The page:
As I was walking out, I said, “OK girls, I’ve got so much of this stuff, pick out what you want and it’ll be a gift from me to start you on your Indian Jewelry collection. I’ll be back in a minute.” 

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After about 10 minutes I returned to see what they had amassed. Ann was wearing a $6,500 #8 spider web turquoise chunk necklace, and Addie had on a bracelet-ring set that was worth about $4,800. I said, “Lordie, I should have known you’d pick my very best things.” The girls giggled.

Joe and Richard were the Singer/Fleischaker oil company in Oklahoma City. They were not art collectors especially, but when they saw what we offered, they started thinking about it.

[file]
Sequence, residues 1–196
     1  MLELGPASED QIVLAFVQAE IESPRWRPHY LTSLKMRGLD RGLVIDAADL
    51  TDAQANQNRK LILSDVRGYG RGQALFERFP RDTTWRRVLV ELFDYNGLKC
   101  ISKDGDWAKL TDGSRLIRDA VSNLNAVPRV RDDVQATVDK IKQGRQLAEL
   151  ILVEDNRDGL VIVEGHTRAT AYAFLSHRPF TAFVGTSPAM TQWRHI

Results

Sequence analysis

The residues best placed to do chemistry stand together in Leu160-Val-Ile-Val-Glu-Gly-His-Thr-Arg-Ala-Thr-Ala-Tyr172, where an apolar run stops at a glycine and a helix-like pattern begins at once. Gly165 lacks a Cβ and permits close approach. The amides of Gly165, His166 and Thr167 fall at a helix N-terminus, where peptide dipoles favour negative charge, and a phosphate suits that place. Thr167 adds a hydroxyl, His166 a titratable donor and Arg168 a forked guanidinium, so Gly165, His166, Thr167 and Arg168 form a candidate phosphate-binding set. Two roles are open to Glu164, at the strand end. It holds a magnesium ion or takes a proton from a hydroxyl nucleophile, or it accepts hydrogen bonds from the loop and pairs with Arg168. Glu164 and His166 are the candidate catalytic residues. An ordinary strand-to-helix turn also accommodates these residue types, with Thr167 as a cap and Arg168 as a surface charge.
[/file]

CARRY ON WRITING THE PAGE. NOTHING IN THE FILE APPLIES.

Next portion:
That night we had dinner at The Pink. After about an hour of talking about everything, and eating some of Rosalie’s hot apple pie with rum sauce on the side, the girls got up and walked across the street to the Desert Inn, where they were staying. Joe and Richard lit up expensive Cuban cigars. The air got quiet and I just sat there, taking it in. I liked both of those guys.

Finally, Joe said, “Forrest, we’ve got a lot of money and everyone is trying to get it. We never had anyone treat us like you did today.” Suddenly I felt like we had a father/son relationship, but I don’t remember which was which.

The next day they came in our gallery and purchased about $265,000 worth of paintings, including Forgotten, 

Armand Hammer was right.